Beyond that there are the hard drives Jackson left behind, filled with unheard music. His manager Frank DiLeo claimed that the singer’s vaults contains more than 100 completed and unreleased songs, including collaborations with contemporary artists Akon and Ne-Yo.  There’s an  album’s worth  of new Michael Jackson songs which “belong” to Rodney ‘Darkchild’ Jerkins.  Jerkins is a family friend.  For Jackson’s ‘Invincible’ CD, his last official album Jerkins produced six songs, including the hit “You Rock My World.” He and Jackson subsequently worked on more than 200 tracks and “musical ideas” over three years. Perhaps Jerkins could play spoiler and hold them back from the “new deal”, but Jerkins is a career producer – he’s currently working with Britney Spears – and there’s no way he’d shit in his own nest and damage his future for the sake of a handful of contentious millions.

However,  there are still a few loose threads which might just unravel the best laid plans of the corporate machine. It took many years to clear up Jimi Hendrix’s leftovers and bring them all together under safe “control” under one roof. Despite the instant Jackson industry and Sony’s eager re-embracing of their lapsed hero not everything is in their keeping. 

In 2006 there was an announcement that Jackson had signed a contract with a Bahrain-based label called Two Seas Records. Later Two Seas said that the deal was never finalized. Are there some recordings that date from that period which might be contractually compromised?

And then there’s sister La Toya who IS a proven spoiler – she said Michael was a child molester when she needed the headline – and maybe she WOULD take a financial opportunity if there is one to be taken. In the immediate  aftermath of Michael Jackson’s death, within hours,  it was La Toya of all people who rushed to her brother’s rented home  to “rescue” the hard drives of unreleased songs. Are the all songs contained thereon now amongst the material safely in the family’s keeping?  Jackson’s manager, Frank DiLeo, said he was “pretty sure” they are.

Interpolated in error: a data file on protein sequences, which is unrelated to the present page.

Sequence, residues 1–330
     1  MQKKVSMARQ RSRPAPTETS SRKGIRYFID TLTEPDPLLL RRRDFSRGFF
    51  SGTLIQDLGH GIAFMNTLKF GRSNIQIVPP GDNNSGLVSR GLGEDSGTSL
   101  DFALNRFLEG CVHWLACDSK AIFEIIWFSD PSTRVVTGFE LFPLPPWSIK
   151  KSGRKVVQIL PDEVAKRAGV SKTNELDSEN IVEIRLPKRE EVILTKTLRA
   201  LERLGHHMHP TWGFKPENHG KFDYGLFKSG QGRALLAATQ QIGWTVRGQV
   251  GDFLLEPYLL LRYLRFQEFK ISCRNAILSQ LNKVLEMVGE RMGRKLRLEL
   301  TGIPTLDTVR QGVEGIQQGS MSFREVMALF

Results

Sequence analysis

There are even songs ‘intended’ for Michael Jackson. Ne-Yo was sending Jackson three or four drafts a week prior to Jackson’s unexpected death. What’s the fate of the submissions that were never touched by MJ?

There IS a positional minefield inside all of this, waiting for unscrupulous exploitation. History can easily repeat itself. Way back in 1971, when the Jackson 5 shot to fame and success, a record company the brothers had momentarily recorded for released a Jacksons-style single by Ripples And Waves, even adding a “with Michael” to the label credit. We were supposed to think it was the Jacksons and THAT Michael. It wasn’t. It wasn’t the Jacksons  and there was no-one called Michael in the group. That single, “Let Me Carry Your School Books”,  wasn’t a success but if you look at some Jackson 5 histories they’ll tell you Michael and his brothers DID once record as Ripple And Waves.

 What I’m listening to: Danger Mouse and Sparklehorse (Dark Night Of The Soul),  Snow Patrol (A Hundred Million Suns),  The Kills (Midnight Boom)